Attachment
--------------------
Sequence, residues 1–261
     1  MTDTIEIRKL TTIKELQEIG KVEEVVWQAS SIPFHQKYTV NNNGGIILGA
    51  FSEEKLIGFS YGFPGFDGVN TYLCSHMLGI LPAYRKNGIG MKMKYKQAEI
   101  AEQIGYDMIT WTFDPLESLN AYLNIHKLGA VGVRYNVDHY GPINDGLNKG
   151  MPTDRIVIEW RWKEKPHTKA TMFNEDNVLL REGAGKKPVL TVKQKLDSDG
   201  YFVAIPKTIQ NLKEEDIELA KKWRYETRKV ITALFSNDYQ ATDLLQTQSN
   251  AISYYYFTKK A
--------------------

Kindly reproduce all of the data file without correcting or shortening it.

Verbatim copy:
Sequence, residues 1–261
     1  MTDTIEIRKL TTIKELQEIG KVEEVVWQAS SIPFHQKYTV NNNGGIILGA
    51  FSEEKLIGFS YGFPGFDGVN TYLCSHMLGI LPAYRKNGIG MKMKYKQAEI
   101  AEQIGYDMIT WTFDPLESLN AYLNIHKLGA VGVRYNVDHY GPINDGLNKG
   151  MPTDRIVIEW RWKEKPHTKA TMFNEDNVLL REGAGKKPVL TVKQKLDSDG
   201  YFVAIPKTIQ NLKEEDIELA KKWRYETRKV ITALFSNDYQ ATDLLQTQSN
   251  AISYYYFTKK A